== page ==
Coubertin Quote for Dec, 05
(In California), nature's splendors provided a backdrop for the exquisite efforts of the people … whose instinct for art and beauty has long since drawn them onward and upward to greater destinies.Share
On his second trip to the United States in 1893, Baron Pierre de Coubertin spent four months traveling the length of country. After arriving in New York he went to Chicago for the 1983 Columbian Exposition, then by train to Denver and San Francisco, where he stayed in the luxurious Olympic Club. Turning back, he took a southern route through Texas and Louisiana before spending his last three weeks at Princeton with his eminent colleague, William Milligan Sloane, who would become his leading American partner in launching the modern Olympic Games. Almost forty years later, he wrote with deep enthusiasm about the 1932 Los Angeles Olympic Games, which had just taken place. Those Games, as he states below, were the last awarded under his presidency. It’s clear from his comments, which appeared in La Revue Sportive Illustrée in his article, “The Apotheosis of Olympism,” that he had great affection for California. Years earlier, he had become close friends with William May Garland who led the effort to organize the 1932 Games. The Baron had hopes that these first Los Angeles Olympics would build a bridge to Asia and help Olympism “encircle the globe.” The performance of the Japanese team at the Los Angeles Games—7 gold, 7 silver and 4 bronze medals—renewed his hopes that the Olympics would eventually be hosted in Asia. When he died five years later, that hope was on the horizon with Tokyo preparing to host the 1940 Games, which were cancelled, of course, by World War II.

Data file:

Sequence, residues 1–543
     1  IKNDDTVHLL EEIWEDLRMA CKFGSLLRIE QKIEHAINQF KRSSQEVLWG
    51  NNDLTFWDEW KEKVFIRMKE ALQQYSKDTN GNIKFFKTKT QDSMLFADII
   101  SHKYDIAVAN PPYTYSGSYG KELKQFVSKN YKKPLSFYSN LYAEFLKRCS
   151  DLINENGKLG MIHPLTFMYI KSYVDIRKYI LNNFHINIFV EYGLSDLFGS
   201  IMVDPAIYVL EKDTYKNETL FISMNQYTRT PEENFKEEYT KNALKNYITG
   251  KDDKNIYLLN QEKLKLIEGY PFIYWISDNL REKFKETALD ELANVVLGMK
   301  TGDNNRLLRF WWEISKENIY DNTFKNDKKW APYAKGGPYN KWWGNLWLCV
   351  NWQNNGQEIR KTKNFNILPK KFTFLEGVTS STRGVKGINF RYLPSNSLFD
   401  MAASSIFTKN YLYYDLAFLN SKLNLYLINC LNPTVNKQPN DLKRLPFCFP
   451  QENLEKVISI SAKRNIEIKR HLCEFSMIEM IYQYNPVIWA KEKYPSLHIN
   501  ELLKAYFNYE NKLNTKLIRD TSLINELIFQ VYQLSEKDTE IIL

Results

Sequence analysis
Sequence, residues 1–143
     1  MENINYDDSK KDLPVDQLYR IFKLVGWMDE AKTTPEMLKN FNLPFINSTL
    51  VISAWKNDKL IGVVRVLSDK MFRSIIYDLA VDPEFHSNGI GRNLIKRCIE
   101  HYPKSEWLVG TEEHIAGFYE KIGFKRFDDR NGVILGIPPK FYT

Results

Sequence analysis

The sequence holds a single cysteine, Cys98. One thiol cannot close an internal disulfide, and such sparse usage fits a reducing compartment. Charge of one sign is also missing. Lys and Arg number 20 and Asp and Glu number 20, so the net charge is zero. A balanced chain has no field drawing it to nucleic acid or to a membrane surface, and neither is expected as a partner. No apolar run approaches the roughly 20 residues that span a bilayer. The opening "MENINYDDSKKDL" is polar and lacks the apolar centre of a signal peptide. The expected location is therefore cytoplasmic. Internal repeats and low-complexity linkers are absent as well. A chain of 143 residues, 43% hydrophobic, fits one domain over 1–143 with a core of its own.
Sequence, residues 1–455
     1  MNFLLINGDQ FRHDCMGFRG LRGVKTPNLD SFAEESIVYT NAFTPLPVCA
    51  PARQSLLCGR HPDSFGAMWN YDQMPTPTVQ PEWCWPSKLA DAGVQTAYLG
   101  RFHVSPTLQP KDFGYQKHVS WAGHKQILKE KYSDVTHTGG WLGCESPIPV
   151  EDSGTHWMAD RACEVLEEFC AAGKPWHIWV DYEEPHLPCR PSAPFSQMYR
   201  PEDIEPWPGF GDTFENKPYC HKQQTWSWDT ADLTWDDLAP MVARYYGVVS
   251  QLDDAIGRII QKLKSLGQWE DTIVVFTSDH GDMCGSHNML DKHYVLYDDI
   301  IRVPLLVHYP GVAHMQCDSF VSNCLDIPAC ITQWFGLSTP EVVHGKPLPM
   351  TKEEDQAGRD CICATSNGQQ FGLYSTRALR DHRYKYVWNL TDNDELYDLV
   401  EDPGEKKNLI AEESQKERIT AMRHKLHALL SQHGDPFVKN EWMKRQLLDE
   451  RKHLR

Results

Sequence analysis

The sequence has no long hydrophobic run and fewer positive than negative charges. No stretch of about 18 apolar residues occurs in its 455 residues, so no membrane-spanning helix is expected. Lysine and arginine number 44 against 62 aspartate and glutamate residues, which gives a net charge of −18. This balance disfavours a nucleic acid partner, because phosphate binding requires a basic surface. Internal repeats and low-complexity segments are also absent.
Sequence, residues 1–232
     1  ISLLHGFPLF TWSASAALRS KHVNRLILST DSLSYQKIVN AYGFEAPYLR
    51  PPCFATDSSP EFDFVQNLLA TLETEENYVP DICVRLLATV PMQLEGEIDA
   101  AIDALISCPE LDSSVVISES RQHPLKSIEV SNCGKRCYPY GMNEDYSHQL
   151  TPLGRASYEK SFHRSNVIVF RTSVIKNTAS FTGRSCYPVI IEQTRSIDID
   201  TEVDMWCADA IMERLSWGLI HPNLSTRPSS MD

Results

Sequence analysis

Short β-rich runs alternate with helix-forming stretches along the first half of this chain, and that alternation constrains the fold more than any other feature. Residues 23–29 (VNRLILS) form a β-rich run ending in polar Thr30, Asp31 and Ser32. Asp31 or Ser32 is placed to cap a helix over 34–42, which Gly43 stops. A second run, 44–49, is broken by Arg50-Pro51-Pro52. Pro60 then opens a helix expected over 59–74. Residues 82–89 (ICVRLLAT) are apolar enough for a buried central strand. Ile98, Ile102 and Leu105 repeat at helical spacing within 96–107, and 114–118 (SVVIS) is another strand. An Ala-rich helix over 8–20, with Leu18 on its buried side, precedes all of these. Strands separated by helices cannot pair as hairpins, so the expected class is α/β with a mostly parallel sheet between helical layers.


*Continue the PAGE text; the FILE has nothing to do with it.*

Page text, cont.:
“The Los Angeles Games are the last for which I, as president of the International Committee, proposed the site and called the vote on awarding the Games to that host city. The voting took place at the Capitoline Hill in Rome, during our 1923 Session. Nine years ahead of time! … I would not have wanted to end my third ten-year period as president of the IOC without underscoring, in a gesture of this kind, the ambition I had expressed from the start concerning the new form of Olympism: that it should encircle the globe, and thus not be subject to the chance events in a particular region or to narrow, nationalist views. My colleagues shared my understanding of how valuable this outlook is…. Events have fully justified our expectations. Despite adverse economic conditions and a banking crisis of unexpected scope, despite a press campaign with a bitterness of tone and an unfairness of intent equaled only by the self-interested calculation that inspired it, the Games of the Tenth Olympiad became a glorious apotheosis on the shores of the Pacific Ocean…. There, nature's splendors provided a backdrop for the exquisite efforts of the people of a state, whose instinct for art and beauty has long since drawn them onward and upward to greater destinies. California, o glorious land of labor, art and song!”